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March, strike, occupy in the weeks ahead


There are urgent steps to take—and vital arguments to be won—to create a movement powerful enough to defeat the Tories’ cuts onslaught.

Here are some crucial tasks in the days and weeks ahead.

The demonstrations this week against the cuts Osborne is announcing must be as big and angry as possible

There were protests against Osborne’s cuts planned for Wednesday and Saturday of this week in towns and cities across Britain.

Some of the biggest are set to be on Saturday in Edinburgh, Belfast, Sheffield and London.

Thousands of workers and campaigners are expected to march.

The larger the delegations from workplaces, colleges and communities, the greater the confidence will be to resist the cuts afterwards.

Coming after the 7,000 strong Right to Work demonstration at the Tory Party conference in Birmingham earlier this month, this week’s protests can be the next step in building a movement of resistance to stop the Tory and Lib Dem onslaught.

We need to fight for every job and service under attack

When any job cuts are announced workers need to move quickly to seize on the anger and launch a campaign of resistance.

Swiftly-called and properly built union meetings can draw in far greater numbers than the existing union activists, make workers feel a collective strength and allow a debate on which strategy is best.

Delay can be fatal in undermining confidence that job losses can be fought.

Mass meetings can be a springboard for calling ballots for strike action and a programme of protests to build the mood for a fight. In some cases, it may be possible to get immediate walkouts.

We need to argue for unity and solidarity

The Tories are trying to push through their cuts by using divide and rule tactics like racism. Everyone needs to combat this by building unity.

That’s one reason why the anti-racist demonstration on

6 November is part of the fight against the cuts and important for everyone.

The Tories and their friends in the press have also launched vicious attacks on the unemployed and those claiming incapacity benefits.

They want to divert anger away from the bosses and bankers who caused the crisis and towards black and Asian people, immigrants and those claiming benefits.

But unemployment is a result of the failure of the system to provide work, not “laziness” or “generous” benefits.

Pushing those on pitiful benefits further into poverty will not create a single new job. Instead it will foster a climate of fear hanging over every worker and weaken the fightback.

The unions need to be at the forefront of defending attacks on welfare benefits.

We need to ensure the maximum support for any group of workers who strike

Firefighters in London and London Underground workers have both called strikes. BBC workers across Britain could soon be on strike over attacks on their pensions.

A victory for any group of workers will strengthen the argument for a fightback in every union and workplace.

We need to make sure the case for any strike is heard in every workplace, that we take up strike collections and visit picket lines to show support.

Build local anti-cuts groups

Anti-cuts groups have been launched in many areas to bring together workers and those who rely on the vital services they provide.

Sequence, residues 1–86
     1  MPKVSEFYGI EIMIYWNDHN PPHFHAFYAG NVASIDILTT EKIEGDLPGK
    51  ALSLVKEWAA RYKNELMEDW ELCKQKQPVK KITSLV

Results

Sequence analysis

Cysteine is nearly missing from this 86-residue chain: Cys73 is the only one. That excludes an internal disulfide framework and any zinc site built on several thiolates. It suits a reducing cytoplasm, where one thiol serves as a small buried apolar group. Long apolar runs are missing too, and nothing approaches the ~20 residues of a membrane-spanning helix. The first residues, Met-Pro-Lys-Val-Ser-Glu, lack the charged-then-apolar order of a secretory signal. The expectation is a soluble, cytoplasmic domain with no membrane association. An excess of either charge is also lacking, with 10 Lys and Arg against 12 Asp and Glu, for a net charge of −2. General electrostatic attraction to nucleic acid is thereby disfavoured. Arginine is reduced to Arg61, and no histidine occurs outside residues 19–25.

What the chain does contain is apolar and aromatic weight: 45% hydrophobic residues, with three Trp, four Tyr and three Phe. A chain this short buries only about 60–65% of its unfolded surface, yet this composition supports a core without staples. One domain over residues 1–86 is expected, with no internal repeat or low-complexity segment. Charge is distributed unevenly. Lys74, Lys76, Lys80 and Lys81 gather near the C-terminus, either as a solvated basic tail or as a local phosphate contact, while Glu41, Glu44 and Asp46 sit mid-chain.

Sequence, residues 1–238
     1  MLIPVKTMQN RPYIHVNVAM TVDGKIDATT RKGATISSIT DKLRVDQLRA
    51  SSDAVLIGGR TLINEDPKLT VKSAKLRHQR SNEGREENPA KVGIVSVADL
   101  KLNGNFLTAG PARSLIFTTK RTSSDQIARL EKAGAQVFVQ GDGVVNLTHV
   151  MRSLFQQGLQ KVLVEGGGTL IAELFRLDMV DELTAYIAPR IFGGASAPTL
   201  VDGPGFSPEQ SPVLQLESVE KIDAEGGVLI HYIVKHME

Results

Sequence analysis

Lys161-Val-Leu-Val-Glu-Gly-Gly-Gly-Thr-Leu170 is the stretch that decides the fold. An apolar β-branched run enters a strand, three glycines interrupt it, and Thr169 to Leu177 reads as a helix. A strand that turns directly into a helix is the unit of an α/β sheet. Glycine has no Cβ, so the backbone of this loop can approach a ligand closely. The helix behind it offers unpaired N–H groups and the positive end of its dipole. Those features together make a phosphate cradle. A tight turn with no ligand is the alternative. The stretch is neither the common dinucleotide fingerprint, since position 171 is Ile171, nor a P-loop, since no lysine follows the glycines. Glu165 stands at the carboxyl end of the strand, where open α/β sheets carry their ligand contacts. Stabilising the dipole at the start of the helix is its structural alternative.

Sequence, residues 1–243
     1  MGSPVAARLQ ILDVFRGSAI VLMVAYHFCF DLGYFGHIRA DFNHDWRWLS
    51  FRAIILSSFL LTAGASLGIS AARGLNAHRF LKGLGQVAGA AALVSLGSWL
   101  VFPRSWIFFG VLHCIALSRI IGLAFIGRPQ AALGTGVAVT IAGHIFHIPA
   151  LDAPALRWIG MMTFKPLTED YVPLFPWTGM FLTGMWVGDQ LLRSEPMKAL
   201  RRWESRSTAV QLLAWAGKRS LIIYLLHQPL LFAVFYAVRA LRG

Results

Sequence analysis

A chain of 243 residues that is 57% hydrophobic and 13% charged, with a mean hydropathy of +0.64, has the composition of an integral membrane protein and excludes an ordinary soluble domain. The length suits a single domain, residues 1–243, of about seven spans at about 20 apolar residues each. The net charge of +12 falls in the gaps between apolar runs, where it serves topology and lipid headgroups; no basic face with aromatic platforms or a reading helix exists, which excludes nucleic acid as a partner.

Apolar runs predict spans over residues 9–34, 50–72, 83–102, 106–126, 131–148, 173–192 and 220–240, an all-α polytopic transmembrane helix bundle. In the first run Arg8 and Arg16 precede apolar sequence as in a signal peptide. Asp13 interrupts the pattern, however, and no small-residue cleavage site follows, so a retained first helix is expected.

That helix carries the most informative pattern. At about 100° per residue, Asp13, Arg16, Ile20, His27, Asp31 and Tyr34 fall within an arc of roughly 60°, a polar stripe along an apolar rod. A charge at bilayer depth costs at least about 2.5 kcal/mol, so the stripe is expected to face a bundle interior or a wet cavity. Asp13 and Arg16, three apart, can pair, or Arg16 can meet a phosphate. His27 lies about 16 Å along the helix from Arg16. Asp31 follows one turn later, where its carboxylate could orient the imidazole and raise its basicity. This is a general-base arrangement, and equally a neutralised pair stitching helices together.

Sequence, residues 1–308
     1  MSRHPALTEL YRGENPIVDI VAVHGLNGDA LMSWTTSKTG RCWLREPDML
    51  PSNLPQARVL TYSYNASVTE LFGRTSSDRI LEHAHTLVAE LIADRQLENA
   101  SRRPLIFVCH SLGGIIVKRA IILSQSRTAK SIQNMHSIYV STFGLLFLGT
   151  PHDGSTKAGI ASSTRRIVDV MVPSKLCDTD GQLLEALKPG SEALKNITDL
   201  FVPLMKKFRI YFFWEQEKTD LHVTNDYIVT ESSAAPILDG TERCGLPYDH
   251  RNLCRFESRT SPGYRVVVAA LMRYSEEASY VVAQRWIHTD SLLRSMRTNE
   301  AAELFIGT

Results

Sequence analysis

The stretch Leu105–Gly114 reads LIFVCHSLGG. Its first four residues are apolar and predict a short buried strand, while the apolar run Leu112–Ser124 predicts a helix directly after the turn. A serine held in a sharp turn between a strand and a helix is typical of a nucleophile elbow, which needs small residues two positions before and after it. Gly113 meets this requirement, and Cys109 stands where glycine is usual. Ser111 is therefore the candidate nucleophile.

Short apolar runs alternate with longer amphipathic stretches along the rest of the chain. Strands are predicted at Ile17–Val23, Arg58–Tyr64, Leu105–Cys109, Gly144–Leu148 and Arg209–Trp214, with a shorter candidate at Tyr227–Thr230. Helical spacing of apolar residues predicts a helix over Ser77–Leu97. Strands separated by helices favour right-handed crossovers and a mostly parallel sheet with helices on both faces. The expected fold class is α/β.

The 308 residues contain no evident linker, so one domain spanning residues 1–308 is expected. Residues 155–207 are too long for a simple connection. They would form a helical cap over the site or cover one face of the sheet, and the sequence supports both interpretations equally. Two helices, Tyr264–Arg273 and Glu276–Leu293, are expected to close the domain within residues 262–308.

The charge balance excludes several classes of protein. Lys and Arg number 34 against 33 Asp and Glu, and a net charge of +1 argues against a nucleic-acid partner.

Anger at the consequences of the cuts will grow and every area needs to call anti-cuts meetings to develop a programme of protests, lobbies and marches to challenge cuts.

Every effort should be made to draw in trade union branches, community groups and Labour Party members, including councillors willing to oppose cuts.

This will increase the breadth of support the anti-cuts movement has, making it easier to build mass opposition.

Build the Right to Work campaign

The Right to Work campaign can help coordinate a national network of resistance.

Every area needs a Right to Work group that can raise crucial issues such as how we deal with the anti-trade union laws, build solidarity with strikes or fight for solidarity with migrant workers.

The new Right to Work pamphlet on defending services and busting Tory myths about cuts is a good basis for a meeting in the wake of the cuts this week.

Push trade union leaders into calling coordinated national strikes to defeat the Tories’ offensive

Last month’s TUC conference passed support for coordinated action. But many trade union leaders are moving too cautiously and too slowly.

We need to pass motions and take the argument into the unions at every level for their words to be turned into action.

There needs to be a sustained campaign for occupations and a general strike to stop the Tories. This won’t happen overnight—but it can become a real possibility in the months ahead.

To order Right to Work pamphlets go to www.righttowork.org.uk


Our solution: revolution

The cuts this week flow from a capitalist system that produces crisis and poverty.

The recession is not an “accident”—it comes from the way the system prioritises profit and is geared towards making more and more money for those who own and control the factories, offices and land.

To challenge these priorities, we ultimately have to get rid of this rotten system that pushes millions into poverty to protect the power and profits of the rich.

There is vast wealth across the planet that could meet the needs of every person. Yet capitalism constantly plunges us into misery, war and environmental disaster while a handful see their wealth grow—whether boom or bust.

We need to fight to take over the running of the economy ourselves and create a society where need, not profit, determines how it is organised.


Article information

News
Tue 19 Oct 2010, 18:53 BST
Issue No. 2224
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